Cynthia Alcantar

Cynthia M. Alcantar

Assistant Professor of Higher Education Leadership, Educational Leadership, College of Education She/Her/Ella

Summary

Languages: Spanish, English

I am an Assistant Professor of Higher Education Leadership at the University of Nevada, Reno (UNR). Before joining the University, I held Postdoctoral Fellowships from the Consortium for Faculty Diversity (2018-19) and the Institute for Global-Local Action & Study (2017-18) at Pitzer College. My research focuses on the social structures that impact the social inequities that exist for racial/ethnic minoritized and immigrant populations in the United States. Notably, the influence of schools (i.e., public K-20 schools, community colleges, and Minority Serving Institutions) on the educational pathways and civic participation of racial/ethnic minoritized and immigrant students. My research has culminated into publications in The Review of Higher Education, Teachers College Record, Harvard Educational Review, Journal of Diversity in Higher Education, Journal of Hispanic Higher Education, and Teachers College Press. I received my bachelor’s degree from the University of California, Riverside, master’s degree from Claremont Graduate University, and a Ph.D. in Social Science and Comparative Education from the University of California, Los Angeles.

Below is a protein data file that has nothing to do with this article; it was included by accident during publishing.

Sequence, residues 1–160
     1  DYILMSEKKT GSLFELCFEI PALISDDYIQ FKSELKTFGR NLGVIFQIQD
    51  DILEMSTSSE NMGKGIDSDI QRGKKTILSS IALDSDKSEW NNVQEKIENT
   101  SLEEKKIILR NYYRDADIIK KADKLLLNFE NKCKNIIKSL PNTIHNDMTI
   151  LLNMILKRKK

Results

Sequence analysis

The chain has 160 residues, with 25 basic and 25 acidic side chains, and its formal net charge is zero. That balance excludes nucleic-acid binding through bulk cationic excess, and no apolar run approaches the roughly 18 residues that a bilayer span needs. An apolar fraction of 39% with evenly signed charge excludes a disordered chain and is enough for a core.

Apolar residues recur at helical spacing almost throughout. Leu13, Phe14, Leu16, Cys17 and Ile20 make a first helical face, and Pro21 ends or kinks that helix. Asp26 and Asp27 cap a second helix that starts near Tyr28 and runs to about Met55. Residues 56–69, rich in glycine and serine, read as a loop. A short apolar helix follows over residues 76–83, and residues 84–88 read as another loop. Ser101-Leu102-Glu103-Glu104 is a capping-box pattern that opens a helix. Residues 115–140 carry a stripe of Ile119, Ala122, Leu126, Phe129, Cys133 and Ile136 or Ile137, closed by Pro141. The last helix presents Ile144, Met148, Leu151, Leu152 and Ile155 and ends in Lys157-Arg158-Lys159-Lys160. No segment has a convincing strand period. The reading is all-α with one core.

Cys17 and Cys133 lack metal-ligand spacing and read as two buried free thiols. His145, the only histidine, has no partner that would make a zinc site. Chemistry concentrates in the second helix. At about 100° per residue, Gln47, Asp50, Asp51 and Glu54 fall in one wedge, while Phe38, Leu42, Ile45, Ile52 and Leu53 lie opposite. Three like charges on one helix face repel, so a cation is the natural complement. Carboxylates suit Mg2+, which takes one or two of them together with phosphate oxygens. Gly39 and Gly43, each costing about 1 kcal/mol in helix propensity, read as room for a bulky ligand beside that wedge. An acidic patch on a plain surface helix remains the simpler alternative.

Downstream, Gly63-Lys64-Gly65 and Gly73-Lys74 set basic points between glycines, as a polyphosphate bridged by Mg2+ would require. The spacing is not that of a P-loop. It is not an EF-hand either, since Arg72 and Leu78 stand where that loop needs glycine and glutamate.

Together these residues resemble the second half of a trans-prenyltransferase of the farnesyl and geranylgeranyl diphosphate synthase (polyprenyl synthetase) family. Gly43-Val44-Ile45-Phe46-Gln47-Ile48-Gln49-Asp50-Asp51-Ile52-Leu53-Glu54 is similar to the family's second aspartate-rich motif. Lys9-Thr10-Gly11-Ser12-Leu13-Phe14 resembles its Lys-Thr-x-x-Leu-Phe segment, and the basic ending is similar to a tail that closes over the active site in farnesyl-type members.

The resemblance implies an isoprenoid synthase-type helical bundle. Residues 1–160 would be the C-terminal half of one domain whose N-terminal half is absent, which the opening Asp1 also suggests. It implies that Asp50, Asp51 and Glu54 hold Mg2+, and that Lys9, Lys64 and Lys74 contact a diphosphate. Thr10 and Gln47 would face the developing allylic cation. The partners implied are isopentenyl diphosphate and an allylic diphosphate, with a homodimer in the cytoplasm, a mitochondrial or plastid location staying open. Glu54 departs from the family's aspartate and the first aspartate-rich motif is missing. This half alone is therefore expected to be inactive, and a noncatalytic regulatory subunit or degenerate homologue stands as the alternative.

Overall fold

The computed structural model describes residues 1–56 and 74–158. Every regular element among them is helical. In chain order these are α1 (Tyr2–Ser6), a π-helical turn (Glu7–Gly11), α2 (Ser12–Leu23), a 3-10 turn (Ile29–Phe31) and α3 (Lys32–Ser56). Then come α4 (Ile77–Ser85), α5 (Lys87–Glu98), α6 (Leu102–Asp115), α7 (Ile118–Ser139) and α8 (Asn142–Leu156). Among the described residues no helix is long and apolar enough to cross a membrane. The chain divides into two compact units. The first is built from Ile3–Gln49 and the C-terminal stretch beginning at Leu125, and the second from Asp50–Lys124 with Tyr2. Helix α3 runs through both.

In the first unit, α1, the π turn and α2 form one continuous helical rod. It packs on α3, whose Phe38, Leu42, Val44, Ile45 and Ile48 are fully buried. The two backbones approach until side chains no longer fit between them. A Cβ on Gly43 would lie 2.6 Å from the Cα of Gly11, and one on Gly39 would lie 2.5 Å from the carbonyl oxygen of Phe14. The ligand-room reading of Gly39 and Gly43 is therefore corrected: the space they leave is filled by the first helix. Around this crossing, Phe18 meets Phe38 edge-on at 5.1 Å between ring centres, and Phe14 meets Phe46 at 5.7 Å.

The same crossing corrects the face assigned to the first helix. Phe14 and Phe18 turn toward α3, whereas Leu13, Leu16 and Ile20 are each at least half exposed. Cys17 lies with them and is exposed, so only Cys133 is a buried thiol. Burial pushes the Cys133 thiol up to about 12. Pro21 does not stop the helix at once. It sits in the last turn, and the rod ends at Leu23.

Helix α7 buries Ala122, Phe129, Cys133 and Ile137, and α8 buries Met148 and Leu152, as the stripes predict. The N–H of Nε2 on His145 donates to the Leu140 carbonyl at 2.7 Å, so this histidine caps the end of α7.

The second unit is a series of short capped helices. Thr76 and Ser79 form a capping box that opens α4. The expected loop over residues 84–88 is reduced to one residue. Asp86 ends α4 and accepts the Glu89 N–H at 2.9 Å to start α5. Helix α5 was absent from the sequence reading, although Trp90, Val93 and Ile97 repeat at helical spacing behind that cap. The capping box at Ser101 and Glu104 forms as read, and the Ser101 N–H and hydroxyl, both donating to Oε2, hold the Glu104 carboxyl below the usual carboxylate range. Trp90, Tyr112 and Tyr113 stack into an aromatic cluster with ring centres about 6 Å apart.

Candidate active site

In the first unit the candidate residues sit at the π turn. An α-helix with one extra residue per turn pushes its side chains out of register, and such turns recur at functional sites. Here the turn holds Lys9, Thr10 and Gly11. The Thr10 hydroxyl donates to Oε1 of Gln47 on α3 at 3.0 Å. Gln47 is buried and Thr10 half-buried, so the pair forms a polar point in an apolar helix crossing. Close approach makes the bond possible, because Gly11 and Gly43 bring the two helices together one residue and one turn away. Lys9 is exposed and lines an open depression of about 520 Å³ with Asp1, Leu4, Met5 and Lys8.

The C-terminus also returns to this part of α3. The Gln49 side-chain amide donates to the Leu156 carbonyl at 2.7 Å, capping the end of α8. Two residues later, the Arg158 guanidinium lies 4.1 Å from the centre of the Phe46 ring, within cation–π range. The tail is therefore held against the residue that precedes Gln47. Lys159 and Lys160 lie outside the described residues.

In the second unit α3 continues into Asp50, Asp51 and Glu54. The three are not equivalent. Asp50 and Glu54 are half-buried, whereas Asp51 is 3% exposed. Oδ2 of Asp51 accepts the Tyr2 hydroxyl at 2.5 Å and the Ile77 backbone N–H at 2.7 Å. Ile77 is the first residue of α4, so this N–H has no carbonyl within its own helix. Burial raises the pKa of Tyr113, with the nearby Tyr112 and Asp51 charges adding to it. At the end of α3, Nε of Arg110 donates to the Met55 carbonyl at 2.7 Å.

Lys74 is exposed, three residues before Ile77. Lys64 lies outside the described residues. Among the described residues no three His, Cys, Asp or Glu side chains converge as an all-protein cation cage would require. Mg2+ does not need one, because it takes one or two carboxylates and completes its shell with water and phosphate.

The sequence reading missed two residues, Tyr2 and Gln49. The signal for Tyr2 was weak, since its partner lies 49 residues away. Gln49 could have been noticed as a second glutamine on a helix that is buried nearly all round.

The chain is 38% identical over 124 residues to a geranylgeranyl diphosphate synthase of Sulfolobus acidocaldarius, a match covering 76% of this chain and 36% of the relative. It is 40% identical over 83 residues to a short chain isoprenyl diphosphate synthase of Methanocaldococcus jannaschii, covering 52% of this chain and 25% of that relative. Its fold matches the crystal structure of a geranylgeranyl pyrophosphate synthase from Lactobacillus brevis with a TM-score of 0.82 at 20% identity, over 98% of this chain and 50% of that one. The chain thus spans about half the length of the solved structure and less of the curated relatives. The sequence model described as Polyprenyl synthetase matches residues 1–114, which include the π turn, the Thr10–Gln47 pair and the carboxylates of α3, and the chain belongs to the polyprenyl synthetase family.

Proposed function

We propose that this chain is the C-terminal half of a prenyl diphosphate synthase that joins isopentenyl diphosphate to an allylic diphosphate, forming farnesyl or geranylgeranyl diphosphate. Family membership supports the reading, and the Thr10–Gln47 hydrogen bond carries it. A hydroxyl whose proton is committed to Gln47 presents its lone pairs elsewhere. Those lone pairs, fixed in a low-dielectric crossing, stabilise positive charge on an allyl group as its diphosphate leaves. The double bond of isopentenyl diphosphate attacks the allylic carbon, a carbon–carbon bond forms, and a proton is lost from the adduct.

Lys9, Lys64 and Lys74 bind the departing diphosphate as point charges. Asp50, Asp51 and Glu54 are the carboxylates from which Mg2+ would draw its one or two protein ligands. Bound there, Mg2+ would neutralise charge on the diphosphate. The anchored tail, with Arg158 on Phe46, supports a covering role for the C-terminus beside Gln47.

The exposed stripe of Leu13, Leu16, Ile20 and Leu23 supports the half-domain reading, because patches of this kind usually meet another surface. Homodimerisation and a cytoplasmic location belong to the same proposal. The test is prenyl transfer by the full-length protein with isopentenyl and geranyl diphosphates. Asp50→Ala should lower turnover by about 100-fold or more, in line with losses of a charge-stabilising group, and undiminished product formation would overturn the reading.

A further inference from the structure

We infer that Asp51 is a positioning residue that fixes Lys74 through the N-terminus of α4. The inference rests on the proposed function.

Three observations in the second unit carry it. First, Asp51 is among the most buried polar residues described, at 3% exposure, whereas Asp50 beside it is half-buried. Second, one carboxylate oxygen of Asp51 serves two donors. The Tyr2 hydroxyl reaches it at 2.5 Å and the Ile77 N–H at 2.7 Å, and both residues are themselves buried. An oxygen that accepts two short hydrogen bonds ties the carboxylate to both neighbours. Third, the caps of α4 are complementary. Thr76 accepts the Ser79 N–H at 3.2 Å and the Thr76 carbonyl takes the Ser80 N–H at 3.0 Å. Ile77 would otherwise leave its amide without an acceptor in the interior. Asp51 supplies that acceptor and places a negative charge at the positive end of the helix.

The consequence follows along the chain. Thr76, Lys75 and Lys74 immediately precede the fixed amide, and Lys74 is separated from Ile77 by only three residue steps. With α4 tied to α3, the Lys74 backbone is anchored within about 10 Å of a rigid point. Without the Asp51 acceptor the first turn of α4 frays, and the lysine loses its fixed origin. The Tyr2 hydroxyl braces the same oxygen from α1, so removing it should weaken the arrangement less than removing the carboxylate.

My professional and personal experiences strongly inform my research. I am a proud first-generation college student and daughter of Mexican immigrants. My experiences growing up as a first-gen student with Spanish speaking parents in a poor, predominantly Mexican immigrant community in Southern California significantly shaped the way I view the world. Professionally, I also have extensive experience working with underserved students in K-12 and higher education settings.  My experiences with Upward Bound program at Norco Community College, the McNair Scholars Program at Claremont Graduate University, the Title V Hispanic Serving Institution grant program at Mount St. Mary’s College, track coach at Norte Vista High School (my high school alma mater), and as an English and math instructor at John Adams Elementary School in Riverside, CA helped me understand the role of educators, programs, and schools in supporting underserved students like me.